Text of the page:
Julius Donath and Karl Landsteiner discovered this unique mechanism of hemolysis in 1904, after which the gold standard diagnostic test today was named [1]. This test can be performed by either directly using whole blood or indirectly using separated serum. In the direct test, two blood specimens are collected and immediately incubated at 37°C. The test specimen is cooled to 0°C for one hour and then rewarmed to 37°C for thirty minutes while the control specimen is maintained at 37°C for the entire procedure. The supernatant serum of the chilled sample should demonstrate signs of hemolysis, indicating a positive test [13]. A potential cause of a false-negative result is low levels of serum complement due to their consumption during a prior hemolytic event. In addition, RBCs can be coated with C3dg which protects from complement-mediated lysis. For these reasons, the indirect test has a higher sensitivity compared to the direct test.

In the indirect test, the patient’s serum is combined with normal serum for an additional source of complement, while maintaining a temperature of 37°C. ABO-compatible p-positive RBCs are then added, and the test specimen is incubated to 0°C. Visible hemolysis in the test specimen and the absence of hemolysis in the control indicates a positive DL test. The indirect test still has the potential for false negatives due to the transient nature of the DL antibody after resolution of the initial hemolytic episode.

Variations of the DL test exist to increase its sensitivity. These include pretreatment of RBCs with 1% papain, an enzyme that exposes more p-antigen sites on the RBC membrane leading to more antibody binding. Due to its technical difficulty and variable interpretation, the DL test is often performed incorrectly leading to false-negative results and an underreporting of PCH [14]. In a review of the literature from 1996 to 2016, Zeller et al. found only nine reported cases.

Given the self-resolving nature of acute PCH, management primarily involves avoidance of cold temperatures. Warming the patient, in addition to warming all ingestions or intravenous fluids, can prevent continued hemolysis [15]. Depending on the severity of the anemia, transfusions can be given, ideally with warmed blood lacking the p-antigen. For chronic PCH, cold avoidance remains the mainstay of treatment. Glucocorticoids have historically been used for refractory anemia but there is insufficient evidence to demonstrate any benefit [16]. Other therapies such as cyclophosphamide, rituximab, and eculizumab have been employed; however, data to support their efficacy are mixed. While C5 is routinely targeted in the treatment of paroxysmal nocturnal hemoglobinuria, upstream inhibition of C3 is a theoretical means to prevent both intravascular and extravascular hemolysis. Targeting this part of the complement cascade could potentially be applicable to PCH as well; however, clinical trials are needed to evaluate the safety and efficacy of this treatment strategy [17].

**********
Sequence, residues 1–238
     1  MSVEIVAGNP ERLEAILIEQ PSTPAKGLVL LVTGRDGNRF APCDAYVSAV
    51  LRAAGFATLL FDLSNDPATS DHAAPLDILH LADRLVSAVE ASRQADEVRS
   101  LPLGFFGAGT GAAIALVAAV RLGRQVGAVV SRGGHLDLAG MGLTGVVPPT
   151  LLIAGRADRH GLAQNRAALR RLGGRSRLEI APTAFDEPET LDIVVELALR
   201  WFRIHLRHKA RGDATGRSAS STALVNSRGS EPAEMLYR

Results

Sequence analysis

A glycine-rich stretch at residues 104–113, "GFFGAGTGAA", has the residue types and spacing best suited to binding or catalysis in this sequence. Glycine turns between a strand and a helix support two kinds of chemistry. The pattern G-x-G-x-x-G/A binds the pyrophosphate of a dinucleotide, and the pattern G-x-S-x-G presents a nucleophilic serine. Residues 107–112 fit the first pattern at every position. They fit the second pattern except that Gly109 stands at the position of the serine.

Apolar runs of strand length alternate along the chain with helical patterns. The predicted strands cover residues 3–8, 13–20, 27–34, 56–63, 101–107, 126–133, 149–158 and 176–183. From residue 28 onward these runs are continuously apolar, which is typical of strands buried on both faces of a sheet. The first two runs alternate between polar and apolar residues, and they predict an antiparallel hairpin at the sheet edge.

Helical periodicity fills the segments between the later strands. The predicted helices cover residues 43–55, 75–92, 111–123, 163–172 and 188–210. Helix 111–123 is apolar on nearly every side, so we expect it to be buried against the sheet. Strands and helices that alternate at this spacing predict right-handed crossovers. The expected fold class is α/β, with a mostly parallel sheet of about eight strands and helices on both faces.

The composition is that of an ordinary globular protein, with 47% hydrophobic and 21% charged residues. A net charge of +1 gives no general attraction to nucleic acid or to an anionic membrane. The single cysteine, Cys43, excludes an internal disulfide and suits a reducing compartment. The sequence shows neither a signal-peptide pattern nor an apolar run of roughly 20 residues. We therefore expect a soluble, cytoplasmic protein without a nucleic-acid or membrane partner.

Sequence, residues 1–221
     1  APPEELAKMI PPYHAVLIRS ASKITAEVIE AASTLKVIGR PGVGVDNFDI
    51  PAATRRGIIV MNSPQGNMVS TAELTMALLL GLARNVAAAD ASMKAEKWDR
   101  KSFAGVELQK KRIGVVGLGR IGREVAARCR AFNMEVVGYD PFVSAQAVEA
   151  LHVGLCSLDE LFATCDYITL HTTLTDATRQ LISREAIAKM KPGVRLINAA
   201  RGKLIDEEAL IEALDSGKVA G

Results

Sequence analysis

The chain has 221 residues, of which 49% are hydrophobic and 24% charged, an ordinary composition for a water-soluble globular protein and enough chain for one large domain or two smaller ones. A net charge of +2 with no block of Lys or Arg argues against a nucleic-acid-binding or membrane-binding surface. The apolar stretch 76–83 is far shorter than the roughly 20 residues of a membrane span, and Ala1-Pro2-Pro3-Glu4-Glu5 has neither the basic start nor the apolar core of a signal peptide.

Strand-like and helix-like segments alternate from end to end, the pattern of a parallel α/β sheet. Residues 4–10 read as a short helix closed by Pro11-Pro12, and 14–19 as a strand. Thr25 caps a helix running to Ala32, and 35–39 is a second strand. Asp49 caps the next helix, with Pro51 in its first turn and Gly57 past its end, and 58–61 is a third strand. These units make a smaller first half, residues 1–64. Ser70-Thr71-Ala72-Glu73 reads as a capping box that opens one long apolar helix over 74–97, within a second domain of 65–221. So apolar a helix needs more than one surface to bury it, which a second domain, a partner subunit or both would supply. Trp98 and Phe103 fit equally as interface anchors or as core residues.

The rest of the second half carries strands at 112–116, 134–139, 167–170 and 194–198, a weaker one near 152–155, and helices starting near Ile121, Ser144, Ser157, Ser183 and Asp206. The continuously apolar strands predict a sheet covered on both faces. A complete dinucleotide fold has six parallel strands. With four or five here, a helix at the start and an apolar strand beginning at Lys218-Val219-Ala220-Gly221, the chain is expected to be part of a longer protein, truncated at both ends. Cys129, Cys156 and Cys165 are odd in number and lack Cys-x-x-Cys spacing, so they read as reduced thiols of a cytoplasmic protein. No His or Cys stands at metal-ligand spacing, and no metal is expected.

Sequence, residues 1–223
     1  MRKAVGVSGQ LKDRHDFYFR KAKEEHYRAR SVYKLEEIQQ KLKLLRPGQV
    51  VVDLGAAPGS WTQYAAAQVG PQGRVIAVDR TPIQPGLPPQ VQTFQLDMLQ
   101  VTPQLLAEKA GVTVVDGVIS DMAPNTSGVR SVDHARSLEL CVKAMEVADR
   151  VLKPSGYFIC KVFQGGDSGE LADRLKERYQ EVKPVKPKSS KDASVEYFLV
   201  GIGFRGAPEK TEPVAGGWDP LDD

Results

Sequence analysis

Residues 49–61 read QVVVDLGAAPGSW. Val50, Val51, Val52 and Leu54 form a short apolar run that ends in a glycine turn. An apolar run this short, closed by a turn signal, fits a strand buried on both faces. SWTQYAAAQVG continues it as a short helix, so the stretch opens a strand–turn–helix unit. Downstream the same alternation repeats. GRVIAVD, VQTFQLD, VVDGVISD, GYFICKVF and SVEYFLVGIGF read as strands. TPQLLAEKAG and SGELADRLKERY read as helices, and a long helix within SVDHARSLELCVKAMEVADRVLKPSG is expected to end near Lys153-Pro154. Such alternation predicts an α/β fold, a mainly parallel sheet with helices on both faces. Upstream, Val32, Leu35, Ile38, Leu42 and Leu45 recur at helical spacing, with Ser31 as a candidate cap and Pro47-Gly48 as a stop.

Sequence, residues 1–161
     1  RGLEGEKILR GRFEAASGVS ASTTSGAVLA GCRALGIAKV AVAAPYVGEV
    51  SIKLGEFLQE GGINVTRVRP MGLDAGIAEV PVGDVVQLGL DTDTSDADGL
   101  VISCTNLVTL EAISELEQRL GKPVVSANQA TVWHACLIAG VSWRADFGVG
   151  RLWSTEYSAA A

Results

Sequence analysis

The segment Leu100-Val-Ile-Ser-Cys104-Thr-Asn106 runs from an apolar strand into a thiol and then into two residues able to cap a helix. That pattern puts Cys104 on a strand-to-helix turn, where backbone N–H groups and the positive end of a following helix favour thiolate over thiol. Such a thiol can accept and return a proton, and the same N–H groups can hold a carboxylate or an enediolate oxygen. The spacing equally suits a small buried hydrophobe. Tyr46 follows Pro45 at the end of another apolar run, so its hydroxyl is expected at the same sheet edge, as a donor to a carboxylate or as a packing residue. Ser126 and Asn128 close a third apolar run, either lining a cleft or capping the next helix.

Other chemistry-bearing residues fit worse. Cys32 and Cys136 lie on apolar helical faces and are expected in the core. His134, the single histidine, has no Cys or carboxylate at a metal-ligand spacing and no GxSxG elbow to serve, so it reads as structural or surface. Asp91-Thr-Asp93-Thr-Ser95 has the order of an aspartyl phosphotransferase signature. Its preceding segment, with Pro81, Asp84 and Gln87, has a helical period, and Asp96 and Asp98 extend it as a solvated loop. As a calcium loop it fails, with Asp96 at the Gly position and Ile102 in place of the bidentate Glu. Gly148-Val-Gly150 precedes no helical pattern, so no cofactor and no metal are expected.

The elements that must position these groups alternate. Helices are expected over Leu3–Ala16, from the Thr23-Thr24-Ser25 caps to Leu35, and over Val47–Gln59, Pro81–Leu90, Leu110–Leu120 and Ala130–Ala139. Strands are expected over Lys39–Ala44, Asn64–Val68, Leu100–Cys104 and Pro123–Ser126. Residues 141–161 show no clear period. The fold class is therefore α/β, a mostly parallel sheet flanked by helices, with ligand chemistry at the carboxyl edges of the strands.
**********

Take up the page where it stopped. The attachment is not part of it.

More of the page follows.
The mainstay of treatment for PCH is supportive care and close observation. As our patient’s DL test remained positive two months after presentation, she was monitored for continued signs of hemolysis until the DL test returned negative four months later. Although her hemoglobin remained stable, unrecognized PCH can result in life-threatening anemia. Therefore, clinicians should be aware of this diagnosis as its prompt recognition can lead to simple, life-saving interventions.

Conflicts of Interest

The authors declare that there are no conflicts of interest regarding the publication of this paper.


  1. J. Donath and K. Landsteiner, “Über paroxysmale hämoglobinurie,” Münchener Medizinische Wochenschrift, vol. 51, pp. 1590–1593, 1904. View at Google Scholar
  2. R. J. Sokol, D. J. Booker, and R. Stamps, “Paroxysmal cold haemoglobinuria: a clinico-pathological study of patients with a positive Donath-Landsteiner test,” Hematology, vol. 4, no. 2, pp. 137–164, 1999. View at Publisher · View at Google Scholar · View at Scopus